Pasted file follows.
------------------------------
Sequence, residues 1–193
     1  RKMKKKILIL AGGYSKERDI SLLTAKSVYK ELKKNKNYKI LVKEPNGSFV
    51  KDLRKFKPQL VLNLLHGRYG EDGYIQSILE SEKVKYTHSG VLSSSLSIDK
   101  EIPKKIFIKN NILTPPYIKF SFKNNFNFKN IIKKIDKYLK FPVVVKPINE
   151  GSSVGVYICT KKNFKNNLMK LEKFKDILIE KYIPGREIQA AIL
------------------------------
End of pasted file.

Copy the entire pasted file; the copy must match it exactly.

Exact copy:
Sequence, residues 1–193
     1  RKMKKKILIL AGGYSKERDI SLLTAKSVYK ELKKNKNYKI LVKEPNGSFV
    51  KDLRKFKPQL VLNLLHGRYG EDGYIQSILE SEKVKYTHSG VLSSSLSIDK
   101  EIPKKIFIKN NILTPPYIKF SFKNNFNFKN IIKKIDKYLK FPVVVKPINE
   151  GSSVGVYICT KKNFKNNLMK LEKFKDILIE KYIPGREIQA AIL